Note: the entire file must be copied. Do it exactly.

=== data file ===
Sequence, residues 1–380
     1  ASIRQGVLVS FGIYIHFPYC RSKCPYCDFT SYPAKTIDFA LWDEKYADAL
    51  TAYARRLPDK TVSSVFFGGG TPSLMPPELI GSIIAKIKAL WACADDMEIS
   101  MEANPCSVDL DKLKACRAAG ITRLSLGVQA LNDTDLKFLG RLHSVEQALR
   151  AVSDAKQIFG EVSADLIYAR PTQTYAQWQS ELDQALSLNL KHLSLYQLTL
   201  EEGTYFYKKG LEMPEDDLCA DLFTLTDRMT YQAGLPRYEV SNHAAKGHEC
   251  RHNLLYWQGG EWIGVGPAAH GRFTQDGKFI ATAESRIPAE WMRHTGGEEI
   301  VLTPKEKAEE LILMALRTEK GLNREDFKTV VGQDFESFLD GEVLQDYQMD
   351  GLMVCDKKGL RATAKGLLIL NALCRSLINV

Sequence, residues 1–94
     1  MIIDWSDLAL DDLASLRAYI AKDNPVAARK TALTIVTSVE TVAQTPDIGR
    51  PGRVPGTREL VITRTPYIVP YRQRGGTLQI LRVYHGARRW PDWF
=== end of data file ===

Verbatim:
Sequence, residues 1–380
     1  ASIRQGVLVS FGIYIHFPYC RSKCPYCDFT SYPAKTIDFA LWDEKYADAL
    51  TAYARRLPDK TVSSVFFGGG TPSLMPPELI GSIIAKIKAL WACADDMEIS
   101  MEANPCSVDL DKLKACRAAG ITRLSLGVQA LNDTDLKFLG RLHSVEQALR
   151  AVSDAKQIFG EVSADLIYAR PTQTYAQWQS ELDQALSLNL KHLSLYQLTL
   201  EEGTYFYKKG LEMPEDDLCA DLFTLTDRMT YQAGLPRYEV SNHAAKGHEC
   251  RHNLLYWQGG EWIGVGPAAH GRFTQDGKFI ATAESRIPAE WMRHTGGEEI
   301  VLTPKEKAEE LILMALRTEK GLNREDFKTV VGQDFESFLD GEVLQDYQMD
   351  GLMVCDKKGL RATAKGLLIL NALCRSLINV

Sequence, residues 1–94
     1  MIIDWSDLAL DDLASLRAYI AKDNPVAARK TALTIVTSVE TVAQTPDIGR
    51  PGRVPGTREL VITRTPYIVP YRQRGGTLQI LRVYHGARRW PDWF